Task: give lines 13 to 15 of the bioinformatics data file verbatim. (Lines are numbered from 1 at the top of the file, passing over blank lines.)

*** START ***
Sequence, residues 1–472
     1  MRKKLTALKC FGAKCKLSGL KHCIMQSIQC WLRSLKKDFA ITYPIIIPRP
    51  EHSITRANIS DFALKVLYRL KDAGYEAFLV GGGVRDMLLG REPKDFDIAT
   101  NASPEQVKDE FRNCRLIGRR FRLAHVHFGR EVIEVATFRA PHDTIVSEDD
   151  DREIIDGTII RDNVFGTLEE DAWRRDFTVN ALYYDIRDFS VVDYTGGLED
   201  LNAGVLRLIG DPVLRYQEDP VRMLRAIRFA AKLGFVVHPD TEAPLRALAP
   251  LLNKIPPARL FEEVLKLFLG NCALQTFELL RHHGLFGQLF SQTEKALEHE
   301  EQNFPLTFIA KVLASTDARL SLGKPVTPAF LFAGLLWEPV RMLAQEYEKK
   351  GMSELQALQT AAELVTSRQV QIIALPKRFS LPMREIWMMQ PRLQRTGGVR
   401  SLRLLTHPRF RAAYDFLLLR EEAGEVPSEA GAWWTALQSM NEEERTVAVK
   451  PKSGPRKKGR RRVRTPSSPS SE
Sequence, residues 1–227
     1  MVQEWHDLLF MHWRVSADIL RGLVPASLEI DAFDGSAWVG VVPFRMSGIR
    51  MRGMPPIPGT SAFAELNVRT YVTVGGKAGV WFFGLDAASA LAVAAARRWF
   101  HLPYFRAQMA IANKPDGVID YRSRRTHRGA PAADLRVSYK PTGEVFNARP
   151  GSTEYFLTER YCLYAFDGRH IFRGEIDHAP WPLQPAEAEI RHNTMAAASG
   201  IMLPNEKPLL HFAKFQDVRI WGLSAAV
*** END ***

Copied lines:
     1  MVQEWHDLLF MHWRVSADIL RGLVPASLEI DAFDGSAWVG VVPFRMSGIR
    51  MRGMPPIPGT SAFAELNVRT YVTVGGKAGV WFFGLDAASA LAVAAARRWF
   101  HLPYFRAQMA IANKPDGVID YRSRRTHRGA PAADLRVSYK PTGEVFNARP